So what happened on that day?
“I’m not a historian, I’m not a psychic, I’m not a soothsayer, all I am is Hamza Abdullah, I’m a Muslim, I am a father, I’m a husband, I’m a son, and all I can do is concern myself with what I can control.”
But in some ways his real jaw dropping answer comes when I ask whether he would not say Hitler was evil. “I would say that ‘My name is Hamza Abdullah and the person that I have to be accountable for is Hamza Abdullah’.” He than adds, “There is only one judge and that’s God. So as tough as something may seem, let’s say me and you together, we walk outside and we see someone shoot another man, what would we both say? ‘Whoa!’ Will you say ‘That is an evil act’, am I correct? But we don’t know the story behind that.”
Given his stance on 9/11, which is not uncommon among some fundamentalist Muslims, you may expect Abdullah to say his mission is to convert the whole world into Islam. But when I ask he emphatically makes it clear he has no such desire, “If God” he says, “wanted us all to be one colour, to be one race, to be one religion, guess what? We would all be one race, one colour, one religion, but we’re not.” And as for there being people with different religious beliefs he says, “That’s okay.”
And he emphasises that the non-profit organisation he has set up to help what he calls ”the transitioning athletes, the professional athletes that are done playing” will not be sectarian. Having decided to retire, because he says professional football “was wearing on me mentally and physically”, he can be quite eloquent about what prompted his decision to form the organisation.
“I’m passionate about helping my brothers and helping my sisters and helping my neighbours, and leaving this world in a better place, because in Islamic culture that’s what you are taught. It’s not about how big a house you have, it’s not about what kind of car you drive, it’s not about how much money that you have because you know why? When you meet your maker all that stuff is gone. The only thing that stays with you are what? Your good deeds. So your good deeds should be the number one thing that you cherish and that’s what I cherish.”
But will it be open to athletes of all faiths? “Oh, of course,” he says.
However his faith has made him so altruistic when I ask about his greatest sporting moment in a six year career which also saw him play for Tampa Bay Buccaneers and Cleveland Browns, he talks about his brother’s career.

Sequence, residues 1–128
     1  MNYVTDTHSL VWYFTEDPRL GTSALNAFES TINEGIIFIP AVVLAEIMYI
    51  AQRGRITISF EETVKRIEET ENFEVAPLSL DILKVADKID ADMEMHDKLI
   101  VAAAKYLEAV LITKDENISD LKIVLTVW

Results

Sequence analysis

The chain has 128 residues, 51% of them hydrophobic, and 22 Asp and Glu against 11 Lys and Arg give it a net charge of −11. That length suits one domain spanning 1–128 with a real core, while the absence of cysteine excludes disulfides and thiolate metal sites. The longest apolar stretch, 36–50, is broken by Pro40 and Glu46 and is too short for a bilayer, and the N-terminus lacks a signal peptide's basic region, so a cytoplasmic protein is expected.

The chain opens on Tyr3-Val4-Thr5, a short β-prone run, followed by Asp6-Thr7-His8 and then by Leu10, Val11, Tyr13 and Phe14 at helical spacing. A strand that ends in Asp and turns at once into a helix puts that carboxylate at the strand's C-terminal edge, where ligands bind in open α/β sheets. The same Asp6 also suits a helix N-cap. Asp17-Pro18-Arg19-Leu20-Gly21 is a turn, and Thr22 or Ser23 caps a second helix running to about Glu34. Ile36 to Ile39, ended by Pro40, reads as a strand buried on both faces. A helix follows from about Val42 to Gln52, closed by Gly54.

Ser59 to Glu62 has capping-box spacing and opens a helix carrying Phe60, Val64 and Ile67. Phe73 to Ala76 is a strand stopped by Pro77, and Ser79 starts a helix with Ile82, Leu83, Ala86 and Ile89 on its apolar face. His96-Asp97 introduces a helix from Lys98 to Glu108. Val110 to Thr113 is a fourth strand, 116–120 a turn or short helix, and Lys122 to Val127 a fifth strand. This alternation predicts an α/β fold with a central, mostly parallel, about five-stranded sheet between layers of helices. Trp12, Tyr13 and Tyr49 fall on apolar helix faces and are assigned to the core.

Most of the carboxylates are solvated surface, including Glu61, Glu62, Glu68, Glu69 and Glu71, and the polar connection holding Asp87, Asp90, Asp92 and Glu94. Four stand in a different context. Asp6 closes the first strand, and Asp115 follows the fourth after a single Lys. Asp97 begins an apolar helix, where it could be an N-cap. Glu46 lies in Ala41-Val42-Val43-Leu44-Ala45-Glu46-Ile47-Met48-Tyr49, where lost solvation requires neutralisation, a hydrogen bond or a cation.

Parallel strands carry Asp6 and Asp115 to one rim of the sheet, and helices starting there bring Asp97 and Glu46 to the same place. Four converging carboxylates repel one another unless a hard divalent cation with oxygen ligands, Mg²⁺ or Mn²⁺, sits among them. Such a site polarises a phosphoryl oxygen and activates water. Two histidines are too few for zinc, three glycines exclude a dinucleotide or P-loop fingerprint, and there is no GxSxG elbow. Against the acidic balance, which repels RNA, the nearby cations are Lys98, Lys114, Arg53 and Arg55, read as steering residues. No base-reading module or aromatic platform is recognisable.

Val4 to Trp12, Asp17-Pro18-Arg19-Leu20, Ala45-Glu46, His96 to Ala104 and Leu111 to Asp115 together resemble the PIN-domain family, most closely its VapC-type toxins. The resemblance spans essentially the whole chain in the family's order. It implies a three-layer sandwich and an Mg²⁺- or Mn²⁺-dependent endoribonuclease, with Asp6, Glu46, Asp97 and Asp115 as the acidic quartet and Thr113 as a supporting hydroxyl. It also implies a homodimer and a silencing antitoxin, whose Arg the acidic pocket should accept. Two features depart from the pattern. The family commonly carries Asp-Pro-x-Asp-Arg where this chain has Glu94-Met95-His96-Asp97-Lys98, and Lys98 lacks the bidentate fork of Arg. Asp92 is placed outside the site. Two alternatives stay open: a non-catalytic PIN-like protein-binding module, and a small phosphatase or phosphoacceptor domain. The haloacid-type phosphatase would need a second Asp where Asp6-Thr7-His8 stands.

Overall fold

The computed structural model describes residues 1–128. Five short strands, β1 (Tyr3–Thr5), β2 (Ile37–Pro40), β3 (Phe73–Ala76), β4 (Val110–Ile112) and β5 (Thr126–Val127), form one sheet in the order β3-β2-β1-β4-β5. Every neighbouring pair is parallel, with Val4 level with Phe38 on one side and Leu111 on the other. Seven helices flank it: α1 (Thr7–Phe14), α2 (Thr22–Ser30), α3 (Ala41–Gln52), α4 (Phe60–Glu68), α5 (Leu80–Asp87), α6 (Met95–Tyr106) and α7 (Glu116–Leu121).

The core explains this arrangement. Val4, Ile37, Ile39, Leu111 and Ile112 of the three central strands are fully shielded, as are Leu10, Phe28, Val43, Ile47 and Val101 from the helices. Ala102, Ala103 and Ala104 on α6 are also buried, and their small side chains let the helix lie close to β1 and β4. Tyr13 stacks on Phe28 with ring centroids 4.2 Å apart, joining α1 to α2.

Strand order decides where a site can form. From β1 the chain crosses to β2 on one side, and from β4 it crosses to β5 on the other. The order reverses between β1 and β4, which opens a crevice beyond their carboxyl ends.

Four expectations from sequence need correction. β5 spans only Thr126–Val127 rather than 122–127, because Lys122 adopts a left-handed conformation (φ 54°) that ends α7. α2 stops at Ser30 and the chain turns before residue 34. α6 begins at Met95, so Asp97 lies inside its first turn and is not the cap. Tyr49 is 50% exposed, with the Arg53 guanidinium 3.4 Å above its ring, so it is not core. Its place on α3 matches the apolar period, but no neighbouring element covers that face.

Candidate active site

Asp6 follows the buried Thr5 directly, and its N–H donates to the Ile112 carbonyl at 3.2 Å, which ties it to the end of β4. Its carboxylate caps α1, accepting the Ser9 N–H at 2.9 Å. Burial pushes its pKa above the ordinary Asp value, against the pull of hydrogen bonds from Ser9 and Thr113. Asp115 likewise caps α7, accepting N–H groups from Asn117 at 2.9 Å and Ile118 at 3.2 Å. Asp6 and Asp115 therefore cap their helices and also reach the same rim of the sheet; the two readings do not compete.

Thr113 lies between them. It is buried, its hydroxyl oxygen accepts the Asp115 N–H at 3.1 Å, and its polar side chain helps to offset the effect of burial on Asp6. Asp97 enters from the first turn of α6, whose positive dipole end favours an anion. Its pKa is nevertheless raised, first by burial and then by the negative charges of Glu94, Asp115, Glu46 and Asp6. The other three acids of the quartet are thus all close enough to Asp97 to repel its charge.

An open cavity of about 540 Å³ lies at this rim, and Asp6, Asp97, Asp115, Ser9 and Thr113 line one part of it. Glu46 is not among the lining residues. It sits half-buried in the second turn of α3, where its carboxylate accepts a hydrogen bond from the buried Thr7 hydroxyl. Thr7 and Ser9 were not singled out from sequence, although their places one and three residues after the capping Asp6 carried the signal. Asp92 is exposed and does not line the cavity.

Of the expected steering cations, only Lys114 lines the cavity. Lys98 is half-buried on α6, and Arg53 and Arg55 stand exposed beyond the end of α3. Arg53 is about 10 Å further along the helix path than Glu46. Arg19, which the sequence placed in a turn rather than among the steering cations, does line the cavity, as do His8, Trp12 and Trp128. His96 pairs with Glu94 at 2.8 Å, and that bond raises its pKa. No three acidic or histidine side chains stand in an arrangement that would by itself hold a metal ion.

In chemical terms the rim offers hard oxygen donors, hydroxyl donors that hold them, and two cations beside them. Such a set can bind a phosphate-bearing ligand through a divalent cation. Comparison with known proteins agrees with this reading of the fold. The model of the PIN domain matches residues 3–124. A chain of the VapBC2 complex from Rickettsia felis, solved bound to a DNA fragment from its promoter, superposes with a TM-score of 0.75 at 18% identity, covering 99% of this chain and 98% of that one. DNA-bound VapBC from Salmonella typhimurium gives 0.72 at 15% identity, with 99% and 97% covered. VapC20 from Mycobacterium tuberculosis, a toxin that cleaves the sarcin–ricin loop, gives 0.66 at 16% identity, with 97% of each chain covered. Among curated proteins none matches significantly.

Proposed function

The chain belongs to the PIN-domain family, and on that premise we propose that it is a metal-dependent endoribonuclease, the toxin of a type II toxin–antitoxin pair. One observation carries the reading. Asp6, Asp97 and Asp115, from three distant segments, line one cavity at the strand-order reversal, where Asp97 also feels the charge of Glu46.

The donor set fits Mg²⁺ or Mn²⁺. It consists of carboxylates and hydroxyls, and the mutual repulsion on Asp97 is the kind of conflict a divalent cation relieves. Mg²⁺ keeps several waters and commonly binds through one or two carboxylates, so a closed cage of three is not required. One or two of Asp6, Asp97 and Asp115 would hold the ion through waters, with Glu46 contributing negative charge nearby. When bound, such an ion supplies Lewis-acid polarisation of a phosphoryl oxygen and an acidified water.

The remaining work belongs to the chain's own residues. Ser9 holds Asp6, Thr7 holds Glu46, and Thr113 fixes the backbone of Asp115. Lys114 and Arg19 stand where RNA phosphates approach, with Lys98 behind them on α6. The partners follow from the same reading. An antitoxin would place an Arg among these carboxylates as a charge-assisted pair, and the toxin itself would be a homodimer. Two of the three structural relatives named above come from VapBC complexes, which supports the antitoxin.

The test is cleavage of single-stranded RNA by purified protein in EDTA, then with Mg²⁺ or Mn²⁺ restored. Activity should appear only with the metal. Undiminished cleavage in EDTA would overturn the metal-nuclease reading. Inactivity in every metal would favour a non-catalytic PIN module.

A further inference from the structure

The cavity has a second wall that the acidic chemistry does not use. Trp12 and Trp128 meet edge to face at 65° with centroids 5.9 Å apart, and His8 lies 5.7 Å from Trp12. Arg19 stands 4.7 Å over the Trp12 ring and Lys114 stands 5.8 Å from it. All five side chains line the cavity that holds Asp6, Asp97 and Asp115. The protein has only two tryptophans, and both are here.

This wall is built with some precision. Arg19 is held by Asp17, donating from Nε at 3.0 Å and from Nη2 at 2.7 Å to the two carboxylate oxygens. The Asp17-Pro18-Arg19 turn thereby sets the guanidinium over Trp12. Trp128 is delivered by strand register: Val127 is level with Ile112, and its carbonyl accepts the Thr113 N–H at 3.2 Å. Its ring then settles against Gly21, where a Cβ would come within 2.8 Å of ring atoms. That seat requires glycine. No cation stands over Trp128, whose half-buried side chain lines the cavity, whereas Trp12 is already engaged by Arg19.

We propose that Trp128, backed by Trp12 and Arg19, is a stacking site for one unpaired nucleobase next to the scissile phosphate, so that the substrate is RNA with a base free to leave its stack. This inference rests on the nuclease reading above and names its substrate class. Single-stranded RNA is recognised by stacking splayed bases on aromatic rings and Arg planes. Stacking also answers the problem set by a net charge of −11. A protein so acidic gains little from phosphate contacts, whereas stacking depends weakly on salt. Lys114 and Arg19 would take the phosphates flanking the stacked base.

“The number one moment was when my brother called me and said he had made the team to play in the National Football League. It was a feeling that I can’t describe. In Islam we are taught to want for your brother what you want for yourself. So I love the most about being in the NFL was seeing my brother attain the same achievements that I made and actually even go even further. He’s still paying, so I’m still gaining pleasure just from watching him.”
So it is no surprise to hear that not only does he feel Qatar should host the 2022 World Cup but that it can be played in the summer heat. “You can play whenever, that’s the thing about an athlete”.
And so impressed is he by what he has seen that he says, “I guarantee you they’re going to have something that people have never seen when it comes to the World Cup.” He has no doubts that the Qataris can fulfil their pledge to build stadiums to play in the head, “It’s not foreign to have a stadium that accommodates in the heat. I played in Arizona, Arizona would be 115, 116, 117 every week, but guess what we played in? 70 degree weather. It’s the same thing, it doesn’t matter what’s going on outside, you can control this element, these designs, these stadiums that they have now, that’s why they cost so much money, because you’re making a level playing field.”Reuse content